Stories about life in Liddonfield housing project and its impact on the Northeast Philadelphia neighborhood of Upper Holmesburg. These true stories reveal how government policy affected the lives of real people, from the project residents to area homeowners during the 5 decades of Liddonfield’s existence. Stories and articles are written by a former resident of the project.


Rosemary Reeves, Blogger, standing on Philadelphia Skyline

Dec 6, 2010

Housing Project Family

By Rosemary Reeves

One lucky day after school let out, I found a dollar on the way home to the housing project where my family lived.  I was in second grade.  I never held a whole dollar in my hand before and marveled at my good luck.  I knew my family was poor, but there was a selfish instinct that overcame me.  I was the one who found it, after all.  The dollar was clearly mine, I thought.  I stopped at a little corner store on the way home and cheerfully hummed as I picked out a large bag of popcorn, a can of soda and some penny candy.  In those days, a dollar went a long way and I had some change left.  I put the change in my pocket and exited the store. 

It soon occurred to me that I should not even mention I found the dollar or I might get in trouble for spending it.  It was best to eat it all before going home.  I walked slowly until I found a good spot to sit, behind a bush that obscured me.  I opened the popcorn first and ate half the bag.  Then I tore into the penny candy, washing it all down with soda.  

When I was full, I couldn’t bring myself to throw the rest of the popcorn away.  I decided to bring it home with me and tell my parents that I was able to buy it because I found a dollar o in the street.  I hoped my family would be glad for that stroke of luck.  But it didn’t turn out that way at all.  As soon as I walked in the door with the bag in my arms, my parents began to interrogate me.  When I told them I found a dollar, their eyes grew wide, as if it had been fifty or a hundred dollars instead.  Mom and Dad demanded to know what I had bought with it and I told them.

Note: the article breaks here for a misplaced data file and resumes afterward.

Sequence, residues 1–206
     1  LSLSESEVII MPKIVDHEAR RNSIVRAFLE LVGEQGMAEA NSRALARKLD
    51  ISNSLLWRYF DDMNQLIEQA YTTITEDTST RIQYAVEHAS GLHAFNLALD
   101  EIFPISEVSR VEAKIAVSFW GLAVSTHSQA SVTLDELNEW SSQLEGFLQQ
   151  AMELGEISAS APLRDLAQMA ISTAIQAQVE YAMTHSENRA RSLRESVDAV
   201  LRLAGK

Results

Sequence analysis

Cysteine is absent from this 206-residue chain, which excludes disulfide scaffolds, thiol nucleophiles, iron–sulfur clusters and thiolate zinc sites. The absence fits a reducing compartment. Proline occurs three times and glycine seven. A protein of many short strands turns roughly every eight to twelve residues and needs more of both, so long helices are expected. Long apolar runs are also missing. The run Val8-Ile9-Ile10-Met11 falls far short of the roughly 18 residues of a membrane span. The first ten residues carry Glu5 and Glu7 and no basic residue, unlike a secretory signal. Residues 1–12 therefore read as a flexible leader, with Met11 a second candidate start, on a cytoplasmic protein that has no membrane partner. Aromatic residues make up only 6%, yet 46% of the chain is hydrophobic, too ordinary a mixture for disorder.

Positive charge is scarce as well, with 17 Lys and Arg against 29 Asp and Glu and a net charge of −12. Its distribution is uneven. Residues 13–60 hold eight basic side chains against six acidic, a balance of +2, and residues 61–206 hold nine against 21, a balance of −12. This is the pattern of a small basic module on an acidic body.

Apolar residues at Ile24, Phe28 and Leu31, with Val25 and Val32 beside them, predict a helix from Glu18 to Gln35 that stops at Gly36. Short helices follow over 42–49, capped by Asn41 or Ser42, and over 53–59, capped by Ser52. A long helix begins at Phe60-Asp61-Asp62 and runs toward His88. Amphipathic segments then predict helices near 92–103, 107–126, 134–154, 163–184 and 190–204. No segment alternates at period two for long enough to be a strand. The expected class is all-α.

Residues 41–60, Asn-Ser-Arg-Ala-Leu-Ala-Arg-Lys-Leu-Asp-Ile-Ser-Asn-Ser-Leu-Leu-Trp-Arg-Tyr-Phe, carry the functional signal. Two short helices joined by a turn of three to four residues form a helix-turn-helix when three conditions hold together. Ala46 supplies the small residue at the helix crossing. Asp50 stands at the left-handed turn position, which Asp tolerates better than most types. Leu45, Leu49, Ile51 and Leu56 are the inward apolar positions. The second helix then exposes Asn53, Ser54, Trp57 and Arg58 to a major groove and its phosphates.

“What else is in the bag?” my father demanded to know.  He snatched the bag out of my hand and rifled through it.  “Is this all?”

“Yes,” I told him.

Dad grimaced.  “Where’s the candy?”

“I ate it on the way home,” I said.

Dad tossed the bag carelessly on the coffee table.  He looked at me with anger in his eyes.  “We could have bought meat with that dollar,” he told me, “The family could have had ground beef on our plates tonight.  But you spent it on treats for yourself instead.  You rotten kid!  You never think of the family, do you?”

He made a move to hit me.  I cowered.  Just then, Mom intervened.  “Don’t you touch her, Jim!” she said.

Dad snapped back, “That kid’s gotta be shown some discipline!”

Mom stared him down.  “Don’t you dare hit my little one!”

Dad backed off.   “Give me the change!” he demanded.

“There isn’t any,” I replied.

“Don’t lie to me, kid.  I said give me the change.”
I stood my ground. “No.”

Dad’s face was turning red and the veins in his neck were sticking out. “What did you just say?”

“The money’s mine,” I told him, “I found it.”

Dad made a move toward me again.  Mom tugged at my arm. “Give your father the change!” she told me.  I reached into my pocket and handed over the few coins I had left.  Dad slipped them into his own pocket.  He picked up the bag he had tossed onto the coffee table, took the popcorn out of the bag and started to eat some. 

“That’s my popcorn!” I said.

“You didn’t share,” Dad told me, “Now, you don’t get any.”  He devoured all the popcorn and said I couldn’t have any supper now because I had been selfish.  I didn’t care about missing supper because I was full anyway, but I was so mad about him taking the money that I could have spit. 

If only my father had explained to me in a soft and tender voice that a single dollar meant the difference between having meat or no meat, I might have understood the meaning of selflessness.  I might have learned that a poor family such as ours needs to pull together.  Then he wouldn’t have needed to rip the money and the food from my hands.  I would have gladly given it if only he had shown me love, just this time.

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